Botulinum toxin A is used to treat contractures in children with spasticity by temporarily interfering with neural transmission at the motor end plate. In infants with brachial plexus palsy, posterior shoulder subluxation and dislocation are the result of muscle imbalance, in which neurologic recovery is evolving, and spasticity is not a deforming force. We postulated that temporary weakening of the shoulder internal rotator muscles with botulinum toxin A would facilitate reduction of the glenohumeral joint in such infants with early posterior shoulder subluxation or dislocation.Methods:
Thirty-five infants with posterior subluxation or dislocation of the shoulder due to brachial plexus palsy were treated with botulinum toxin A between January 1999 and December 2006, and were followed for a minimum period of one year. Records were reviewed for the severity of the palsy, age at time of treatment, recurrence of subluxation or dislocation, and the subsequent need for further treatment to reduce the glenohumeral joint.Results:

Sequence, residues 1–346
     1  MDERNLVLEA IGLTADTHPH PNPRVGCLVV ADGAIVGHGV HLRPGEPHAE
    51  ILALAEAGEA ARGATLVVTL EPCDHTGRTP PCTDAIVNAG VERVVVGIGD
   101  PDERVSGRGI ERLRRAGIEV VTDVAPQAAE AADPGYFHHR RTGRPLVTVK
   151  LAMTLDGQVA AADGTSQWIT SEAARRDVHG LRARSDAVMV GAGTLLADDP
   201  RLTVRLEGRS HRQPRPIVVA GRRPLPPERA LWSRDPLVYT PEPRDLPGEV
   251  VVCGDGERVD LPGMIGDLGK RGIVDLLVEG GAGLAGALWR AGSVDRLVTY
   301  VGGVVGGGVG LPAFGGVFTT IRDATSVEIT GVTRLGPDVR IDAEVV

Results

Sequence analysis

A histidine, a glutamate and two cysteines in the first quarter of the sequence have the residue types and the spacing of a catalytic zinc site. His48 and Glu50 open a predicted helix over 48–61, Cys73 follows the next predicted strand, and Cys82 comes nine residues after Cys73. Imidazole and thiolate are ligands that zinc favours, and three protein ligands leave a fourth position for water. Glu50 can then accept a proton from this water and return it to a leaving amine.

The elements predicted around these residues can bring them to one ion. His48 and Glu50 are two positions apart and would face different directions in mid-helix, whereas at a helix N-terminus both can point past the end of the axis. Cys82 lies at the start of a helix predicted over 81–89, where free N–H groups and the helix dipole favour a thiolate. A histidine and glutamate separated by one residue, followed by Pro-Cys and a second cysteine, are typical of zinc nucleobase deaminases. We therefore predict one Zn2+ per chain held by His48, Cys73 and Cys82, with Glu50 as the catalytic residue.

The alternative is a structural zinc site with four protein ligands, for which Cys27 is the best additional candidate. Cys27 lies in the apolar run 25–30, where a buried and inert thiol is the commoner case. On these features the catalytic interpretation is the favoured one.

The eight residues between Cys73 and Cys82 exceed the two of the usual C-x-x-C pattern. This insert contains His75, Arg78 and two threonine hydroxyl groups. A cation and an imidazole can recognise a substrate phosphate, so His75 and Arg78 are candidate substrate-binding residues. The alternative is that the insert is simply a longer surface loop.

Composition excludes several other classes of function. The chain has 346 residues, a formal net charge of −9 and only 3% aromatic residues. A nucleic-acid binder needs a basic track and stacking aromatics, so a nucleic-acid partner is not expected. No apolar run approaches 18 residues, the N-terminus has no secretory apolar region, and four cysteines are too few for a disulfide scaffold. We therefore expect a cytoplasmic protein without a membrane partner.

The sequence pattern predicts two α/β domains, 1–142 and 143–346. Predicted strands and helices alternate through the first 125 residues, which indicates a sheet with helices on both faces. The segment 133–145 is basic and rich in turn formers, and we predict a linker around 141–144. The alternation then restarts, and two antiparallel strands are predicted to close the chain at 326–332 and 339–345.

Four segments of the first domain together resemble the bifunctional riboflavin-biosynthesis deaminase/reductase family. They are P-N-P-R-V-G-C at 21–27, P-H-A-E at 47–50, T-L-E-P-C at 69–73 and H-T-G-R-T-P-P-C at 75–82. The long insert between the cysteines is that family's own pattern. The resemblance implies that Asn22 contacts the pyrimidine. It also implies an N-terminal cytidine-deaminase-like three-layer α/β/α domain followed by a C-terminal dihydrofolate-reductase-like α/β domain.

The average age at the time of shoulder reduction and botulinum toxin-A injection was 5.7 months. Six patients had a second injection. Reduction of the shoulder was maintained in twenty-four (69%) of the thirty-five patients. There were no complications related to the use of botulinum toxin A.Conclusions:
Although there may be specific risks associated with its use, botulinum toxin-A injection into the internal rotator muscles is a useful adjunct to the treatment of early posterior subluxation or dislocation of the shoulder in infants with neonatal brachial plexus palsy, and may help to avoid the need for open surgical procedures to restore or maintain shoulder reduction.Level of Evidence:
Therapeutic Level IV. See Instructions to Authors for a complete description of levels of evidence.